U/S Marc Grossman: First, I leave the specific plan and request and conversations to the Ministers and to the President. I m sure that they will make the right decisions about what to ask for. What I support is the recognition on the part of all regional countries, that this is not a problem just for Colombia. The FARC and the other illegal armed groups are also a threat to the sovereignty of your neighbors. It is their borders too that are being violated, not just Colombia s borders that are being violated. So, I would hope that an outcome of this meeting -again, the Foreign Minister may have some other ideas- is to heighten the consciousness of all of Colombia s neighbors that they face a threat too; that this isn t a problem just of Colombia. I also would hope that those countries, all of whom are members of the OAS, and who voted for the OAS Resolution, will now sit down and try to create some practical plan forward. It s one thing to vote for a resolution, it s then another thing to come and say, This is what we re going to do.

And I would hope that under the leadership of the Colombian Government, as the convenor of this conference, that some practical measures might be accomplished.

Susan Abad, El Comercio-Peru: The kidnapping of the American citizens by the FARC again raises the problem of the use of civilian companies in the Colombian conflict. Have you thought of reassessing the participation of civilians in the Colombian conflict?

U/S Marc Grossman: No, we have not. We believe that contractors -people on contract to the U.S. Government- will continue to be a very important part of our effort here. That is how the modern world works. We have said from the very beginning of all of these efforts that this is very dangerous work, and that the people we hire and the people we train and the people we ask to do this work on behalf of Colombia and America, know it s dangerous. And so, as I say, I feel great sorrow and great condolence for the people who were killed; we are doing everything we can along with Colombia to find the three people who have been kidnapped; but no, it does not make us reassess who we hire and how we hire them. We believe the contractors will continue to be an important part of our effort here.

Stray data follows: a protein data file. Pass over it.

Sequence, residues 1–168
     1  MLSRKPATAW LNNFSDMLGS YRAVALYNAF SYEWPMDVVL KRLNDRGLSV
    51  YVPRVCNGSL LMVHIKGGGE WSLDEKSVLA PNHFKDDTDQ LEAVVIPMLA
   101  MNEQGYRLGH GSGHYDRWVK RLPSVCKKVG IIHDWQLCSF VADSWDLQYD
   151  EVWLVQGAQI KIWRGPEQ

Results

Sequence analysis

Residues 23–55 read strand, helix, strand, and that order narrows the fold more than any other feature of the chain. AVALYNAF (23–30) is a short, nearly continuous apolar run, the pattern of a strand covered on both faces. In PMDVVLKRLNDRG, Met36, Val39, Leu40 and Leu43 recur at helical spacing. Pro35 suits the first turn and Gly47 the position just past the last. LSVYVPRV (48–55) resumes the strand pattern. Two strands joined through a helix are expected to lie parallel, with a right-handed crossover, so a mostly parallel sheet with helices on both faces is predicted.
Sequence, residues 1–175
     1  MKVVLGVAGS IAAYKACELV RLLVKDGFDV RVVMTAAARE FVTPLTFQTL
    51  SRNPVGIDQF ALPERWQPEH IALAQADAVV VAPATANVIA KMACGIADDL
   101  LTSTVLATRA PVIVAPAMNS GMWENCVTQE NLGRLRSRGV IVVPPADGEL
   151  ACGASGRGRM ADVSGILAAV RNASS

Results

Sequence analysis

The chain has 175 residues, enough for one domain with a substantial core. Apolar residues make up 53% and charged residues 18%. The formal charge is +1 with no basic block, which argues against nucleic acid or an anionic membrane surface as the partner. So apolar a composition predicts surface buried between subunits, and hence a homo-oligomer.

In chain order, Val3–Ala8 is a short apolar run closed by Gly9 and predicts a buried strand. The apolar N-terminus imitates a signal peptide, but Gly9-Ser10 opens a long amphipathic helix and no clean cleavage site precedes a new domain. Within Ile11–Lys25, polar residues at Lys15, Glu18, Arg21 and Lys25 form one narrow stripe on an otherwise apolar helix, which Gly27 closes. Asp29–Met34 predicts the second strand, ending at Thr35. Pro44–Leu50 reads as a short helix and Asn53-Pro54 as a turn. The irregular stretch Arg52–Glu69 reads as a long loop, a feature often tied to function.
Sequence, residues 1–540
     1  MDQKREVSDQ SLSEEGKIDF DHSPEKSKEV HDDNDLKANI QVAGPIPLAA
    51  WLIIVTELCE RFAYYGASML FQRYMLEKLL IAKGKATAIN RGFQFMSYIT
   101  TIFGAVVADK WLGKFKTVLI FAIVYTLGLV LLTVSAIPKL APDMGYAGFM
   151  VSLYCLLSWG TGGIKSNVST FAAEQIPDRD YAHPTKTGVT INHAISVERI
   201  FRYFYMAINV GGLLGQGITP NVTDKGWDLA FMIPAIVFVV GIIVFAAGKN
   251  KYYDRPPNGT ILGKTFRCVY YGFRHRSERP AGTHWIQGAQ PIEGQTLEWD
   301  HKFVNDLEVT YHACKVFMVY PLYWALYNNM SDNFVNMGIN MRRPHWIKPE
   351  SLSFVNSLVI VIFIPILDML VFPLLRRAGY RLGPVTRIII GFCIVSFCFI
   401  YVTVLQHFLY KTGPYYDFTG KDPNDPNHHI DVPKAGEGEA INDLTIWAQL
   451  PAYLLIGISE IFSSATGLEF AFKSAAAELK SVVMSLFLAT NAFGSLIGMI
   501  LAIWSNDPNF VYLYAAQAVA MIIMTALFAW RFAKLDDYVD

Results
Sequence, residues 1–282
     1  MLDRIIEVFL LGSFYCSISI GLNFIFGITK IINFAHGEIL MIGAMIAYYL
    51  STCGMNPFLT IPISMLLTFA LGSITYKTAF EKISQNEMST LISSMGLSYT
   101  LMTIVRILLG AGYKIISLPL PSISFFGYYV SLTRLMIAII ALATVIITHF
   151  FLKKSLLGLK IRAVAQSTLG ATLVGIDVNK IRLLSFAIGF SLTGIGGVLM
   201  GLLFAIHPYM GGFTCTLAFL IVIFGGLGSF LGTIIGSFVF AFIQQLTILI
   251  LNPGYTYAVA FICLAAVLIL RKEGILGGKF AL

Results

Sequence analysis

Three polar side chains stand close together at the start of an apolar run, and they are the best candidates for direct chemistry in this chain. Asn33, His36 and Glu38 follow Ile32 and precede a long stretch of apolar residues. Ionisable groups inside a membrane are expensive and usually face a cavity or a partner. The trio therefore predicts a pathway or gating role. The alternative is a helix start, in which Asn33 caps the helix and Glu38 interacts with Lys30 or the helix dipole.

Leslie Esparza, BBC: Mr. Grossman, you haven t spoken about the U.S. support to Colombia. In that order of ideas, could you please confirm how many U.S. Special Forces are at the moment here in Colombia? And, could you please confirm, whether they are involved, or ever will be involved in any rescue operation of the three U.S. citizens allegedly captured by the FARC?

U/S Marc Grossman: Well, let me make three points. First of all, that there are, as you know, caps on the number of people, both contractors and American government officials, who can be in Colombia at any one time. And there is no one who is advocating the breaking of those caps. What we did was, we needed to bring extra people in here to assist the Government of Colombia in the search effort, and we have done that. Not a large number of people, but it s an important number of people. And we went to our Congress and we said, just as the law allows, that in an emergency we were going to go over this cap. So we have done that. But I want to make clear that we are not looking for ways to put more people in here. This is a Colombian problem that Colombians will have to solve. Second, we have Special Forces here, and I apologize, the number slips my mind at the moment, training now for the units that are protecting the Cano-Limon pipeline. We ll get you that number. Third, what happens in the future about our three hostages, I cannot say. We re looking for them; the Colombian Government has made every effort to find them. If there has to be an operation, it seems to me most likely to be a Colombian operation. And so I don t speculate about the future. One thing I can tell you, though, is President Uribe s great determination to find these people and to bring the perpetrators of this crime to justice.